Money & Banking

Domestic money transfer: BCFI wants govt to do away with GST

K Ram Kumar Mumbai | Updated on December 21, 2020

Migrant labourers have to pay GST for sending money through BCs

The Business Correspondent Federation of India (BCFI) wants the government to do away with the Goods and Service Tax (GST) imposed on senders, predominantly migrant workers, when they make a domestic money transfer to a rural area through Business Correspondents (BCs).

Currently, BCs charge the senders 1 per cent of the money to be transferred as transaction charge. This includes 18 per cent GST.

BCFI seeks incentives for correspondents for six months

Sunil Kulkarni, CEO & Head, BCFI, said on the one hand one segment of the population is fully banked, with the tech-savvy among them accessing online funds transfer services such as the National Electronic Funds Transfer (NEFT) free of charge, but on the other hand, migrant labour in cities/ urban areas have to pay GST for sending money through BCs to their families in rural areas.

BharatPe, third-largest player in UPI payment acceptance space

In this regard, he emphasised that GST paid by the migrant labour goes to the government, whereas the rich, the middle class, and the tech-savvy young generation avail online money transfer free of charge as they can access NEFT.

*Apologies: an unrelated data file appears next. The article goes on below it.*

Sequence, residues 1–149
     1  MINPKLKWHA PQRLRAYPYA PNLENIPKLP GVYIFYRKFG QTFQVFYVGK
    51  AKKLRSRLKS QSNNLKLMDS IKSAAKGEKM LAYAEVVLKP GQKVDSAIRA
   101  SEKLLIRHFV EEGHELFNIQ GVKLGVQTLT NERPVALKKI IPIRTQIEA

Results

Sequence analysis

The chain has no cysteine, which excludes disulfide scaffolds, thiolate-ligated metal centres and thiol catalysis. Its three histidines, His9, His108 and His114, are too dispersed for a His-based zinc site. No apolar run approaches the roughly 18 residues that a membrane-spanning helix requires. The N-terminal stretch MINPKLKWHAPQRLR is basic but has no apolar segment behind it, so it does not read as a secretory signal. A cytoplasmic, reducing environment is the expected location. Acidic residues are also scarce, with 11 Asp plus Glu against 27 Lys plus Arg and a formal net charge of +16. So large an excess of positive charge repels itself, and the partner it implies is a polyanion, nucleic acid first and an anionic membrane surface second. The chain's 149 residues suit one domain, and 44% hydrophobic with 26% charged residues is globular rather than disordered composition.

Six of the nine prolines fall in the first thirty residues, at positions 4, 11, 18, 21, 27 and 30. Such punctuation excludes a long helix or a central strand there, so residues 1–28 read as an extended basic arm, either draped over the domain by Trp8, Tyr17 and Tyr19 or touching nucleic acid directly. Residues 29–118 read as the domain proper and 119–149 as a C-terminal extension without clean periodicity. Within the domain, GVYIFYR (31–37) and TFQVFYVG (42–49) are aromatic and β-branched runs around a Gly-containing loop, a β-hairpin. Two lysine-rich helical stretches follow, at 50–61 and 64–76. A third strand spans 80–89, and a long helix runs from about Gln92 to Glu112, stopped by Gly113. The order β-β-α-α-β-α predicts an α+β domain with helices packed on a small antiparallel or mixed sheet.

UPI for digital payments

The latter can also access the Unified Payment Interface (UPI) service for person-to-person digital payments, which according to the government, should be offered free of charge by banks.

Currently, a migrant worker in Mumbai sending ₹3,000 to his family in Odisha via a BC agent, has to pay 1 per cent as transaction charge. Within this ₹30, the GST component is ₹5.40.

If this transaction is exempted from GST, the charge that the sender will have to pay will come down to ₹24.6.

WhatsApp processes 3.1 lakh UPI payments

The Federation, which is the national federation of Corporate BCs and Agent BCs in India, is of the view that at least the GST burden on the sender in the transaction fee on DMT via BCs should be taken away.

The reason: money is usually transferred by a sender from a city to a rural area to support a family. BCs are retail agents engaged by banks for providing banking services at locations other than a bank branch/ATM.

As of March-end, the total banking outlets in villages stood 5,41,175. The urban locations covered through BCs stood at 6,35,046, according to Reserve Bank of India’s annual report for 2020.

Published on December 21, 2020

Follow us on Telegram, Facebook, Twitter, Instagram, YouTube and Linkedin. You can also download our Android App or IOS App.

This article is closed for comments.
Please Email the Editor

You May Also Like